There are two major issues involved in this problem, and neither one is human attention span - so please stop fantasizing about randomly decorating my security dialogs RIGHT NOW, thankyouverymuch.
First, it's that there isn't so much "a" ratio of false positives, but rather that the ratio of false positives is 100% (and when it isn't, it's 99.99%). Your experience may be different, but I don't ever remember seeing a a security warning of any kind that notified me of an actual, present, confirmed, real threat. They are always of the "security is not guaranteed to be secure" variety, not so much detecting a threat but rather making sure they cover their own asses complaining that it cannot be guaranteed that there isn't one. Well whoopty-doo, cry me a river - no fucking thing in real life is ever guaranteed! I'd love to live in a perfect world where certainties are always absolute, but out here in the real world things are almost always messy, and deflecting any potential responsibility whenever something might be unsafe (except it never actually causes any issues) onto me then expecting me to treat all that whining with my full attention every single damn time is Not Good Enough. Crying wolf incessantly is NOT a "security solution".
Second, there is zero point in nagging me about things I cannot do a single damned thing about. If a website's certificate expires, can I fix it? NO! How about them using a cert for another one of their domains than it was issued for? NO! Maybe a broken auth chain due to a cert authority with dodgy practices suddenly being rejected wholesale...? NO! All I can do is abort the action completely, and that's not an actual option. EVER. In a home setting, the task at hand always, always, always far outweighs in priority any nebulous "potential threat". EVEN IF there actually IS a problem (there isn't), the practical consequences for the user are almost certainly zero (unless you catch a crypto-nastie - that's a special case) - so John Smith won't care about hosting a botnet as it will not impact him at all; on the other hand, John Smith will definitely care about not being able to get on Amazon or Ebay to order what he wants - keeping him "secure" while preventing the main task is like making sure a newborn stays impeccably sterile by keeping it in formaldehyde.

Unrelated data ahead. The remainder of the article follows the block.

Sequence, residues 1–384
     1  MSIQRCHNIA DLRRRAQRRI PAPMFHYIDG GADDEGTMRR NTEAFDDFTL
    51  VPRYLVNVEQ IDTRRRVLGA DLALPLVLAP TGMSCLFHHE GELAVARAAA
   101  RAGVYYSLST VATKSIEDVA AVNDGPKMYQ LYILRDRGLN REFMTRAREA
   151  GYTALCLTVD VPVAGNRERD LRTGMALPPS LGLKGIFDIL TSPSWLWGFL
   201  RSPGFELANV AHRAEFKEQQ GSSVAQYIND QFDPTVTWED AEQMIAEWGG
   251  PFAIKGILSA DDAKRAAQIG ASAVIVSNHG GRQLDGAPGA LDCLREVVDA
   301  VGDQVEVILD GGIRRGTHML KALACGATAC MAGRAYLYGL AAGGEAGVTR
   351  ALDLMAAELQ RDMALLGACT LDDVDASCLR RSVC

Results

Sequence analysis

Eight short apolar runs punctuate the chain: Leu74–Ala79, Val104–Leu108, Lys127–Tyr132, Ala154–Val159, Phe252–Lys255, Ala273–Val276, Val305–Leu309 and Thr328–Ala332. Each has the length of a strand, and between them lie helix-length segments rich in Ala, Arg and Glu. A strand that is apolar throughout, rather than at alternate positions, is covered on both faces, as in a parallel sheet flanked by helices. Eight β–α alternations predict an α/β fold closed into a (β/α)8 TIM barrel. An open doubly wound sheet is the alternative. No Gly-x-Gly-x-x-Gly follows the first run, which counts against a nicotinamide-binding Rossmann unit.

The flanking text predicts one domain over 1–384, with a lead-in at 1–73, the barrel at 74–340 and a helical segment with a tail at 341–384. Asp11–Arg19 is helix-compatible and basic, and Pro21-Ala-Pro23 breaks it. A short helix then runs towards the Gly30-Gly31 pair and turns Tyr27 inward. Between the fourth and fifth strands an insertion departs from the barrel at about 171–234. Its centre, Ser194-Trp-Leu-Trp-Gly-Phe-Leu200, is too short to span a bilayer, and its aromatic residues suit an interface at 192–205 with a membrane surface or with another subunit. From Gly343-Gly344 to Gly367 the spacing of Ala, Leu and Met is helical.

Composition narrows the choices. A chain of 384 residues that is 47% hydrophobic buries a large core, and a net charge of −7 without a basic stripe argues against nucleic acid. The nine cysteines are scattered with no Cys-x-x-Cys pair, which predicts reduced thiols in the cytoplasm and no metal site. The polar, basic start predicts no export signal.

And I'm saying the above as someone who often causes consternation with his outlandishly paranoid stance on security and privacy. I simply have to recognize that current "security" warnings are only ever a nuisance to me and never of any actual help, use or value in actually dealing with whatever's "suspicious" this time. I may decide I want to put in place any number of extra security measures simply because I'm paranoid or I may not, and they might actually protect me from something or they might not; but none of that will happen merely because a "security warning" popped up - there's only one thing I can do about that when it happens: cancel the dialog and continue about my business.